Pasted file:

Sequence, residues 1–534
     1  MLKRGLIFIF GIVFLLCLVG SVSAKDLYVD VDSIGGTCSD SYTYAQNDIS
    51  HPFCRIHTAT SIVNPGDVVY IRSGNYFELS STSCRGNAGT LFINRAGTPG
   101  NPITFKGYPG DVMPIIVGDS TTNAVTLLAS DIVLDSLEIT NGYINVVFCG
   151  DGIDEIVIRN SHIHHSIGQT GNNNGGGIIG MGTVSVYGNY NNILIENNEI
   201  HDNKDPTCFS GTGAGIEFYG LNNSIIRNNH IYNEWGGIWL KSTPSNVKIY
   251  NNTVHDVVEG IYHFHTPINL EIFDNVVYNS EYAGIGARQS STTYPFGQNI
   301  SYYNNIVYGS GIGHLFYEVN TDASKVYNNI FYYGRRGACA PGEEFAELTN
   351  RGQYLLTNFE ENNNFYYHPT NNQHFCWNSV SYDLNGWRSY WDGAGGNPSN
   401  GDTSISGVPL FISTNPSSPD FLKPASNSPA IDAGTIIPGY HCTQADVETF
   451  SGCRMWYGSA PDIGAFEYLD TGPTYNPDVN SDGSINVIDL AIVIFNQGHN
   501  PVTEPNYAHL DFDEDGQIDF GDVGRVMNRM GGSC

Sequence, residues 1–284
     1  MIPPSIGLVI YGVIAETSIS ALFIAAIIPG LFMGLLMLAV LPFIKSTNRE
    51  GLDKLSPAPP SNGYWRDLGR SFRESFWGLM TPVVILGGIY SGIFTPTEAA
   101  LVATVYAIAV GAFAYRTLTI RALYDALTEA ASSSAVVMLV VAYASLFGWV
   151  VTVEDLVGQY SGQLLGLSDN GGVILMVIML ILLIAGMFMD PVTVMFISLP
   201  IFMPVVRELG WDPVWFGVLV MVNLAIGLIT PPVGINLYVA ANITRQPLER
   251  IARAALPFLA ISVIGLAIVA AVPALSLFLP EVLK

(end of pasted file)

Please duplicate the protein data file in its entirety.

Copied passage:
Sequence, residues 1–534
     1  MLKRGLIFIF GIVFLLCLVG SVSAKDLYVD VDSIGGTCSD SYTYAQNDIS
    51  HPFCRIHTAT SIVNPGDVVY IRSGNYFELS STSCRGNAGT LFINRAGTPG
   101  NPITFKGYPG DVMPIIVGDS TTNAVTLLAS DIVLDSLEIT NGYINVVFCG
   151  DGIDEIVIRN SHIHHSIGQT GNNNGGGIIG MGTVSVYGNY NNILIENNEI
   201  HDNKDPTCFS GTGAGIEFYG LNNSIIRNNH IYNEWGGIWL KSTPSNVKIY
   251  NNTVHDVVEG IYHFHTPINL EIFDNVVYNS EYAGIGARQS STTYPFGQNI
   301  SYYNNIVYGS GIGHLFYEVN TDASKVYNNI FYYGRRGACA PGEEFAELTN
   351  RGQYLLTNFE ENNNFYYHPT NNQHFCWNSV SYDLNGWRSY WDGAGGNPSN
   401  GDTSISGVPL FISTNPSSPD FLKPASNSPA IDAGTIIPGY HCTQADVETF
   451  SGCRMWYGSA PDIGAFEYLD TGPTYNPDVN SDGSINVIDL AIVIFNQGHN
   501  PVTEPNYAHL DFDEDGQIDF GDVGRVMNRM GGSC

Sequence, residues 1–284
     1  MIPPSIGLVI YGVIAETSIS ALFIAAIIPG LFMGLLMLAV LPFIKSTNRE
    51  GLDKLSPAPP SNGYWRDLGR SFRESFWGLM TPVVILGGIY SGIFTPTEAA
   101  LVATVYAIAV GAFAYRTLTI RALYDALTEA ASSSAVVMLV VAYASLFGWV
   151  VTVEDLVGQY SGQLLGLSDN GGVILMVIML ILLIAGMFMD PVTVMFISLP
   201  IFMPVVRELG WDPVWFGVLV MVNLAIGLIT PPVGINLYVA ANITRQPLER
   251  IARAALPFLA ISVIGLAIVA AVPALSLFLP EVLK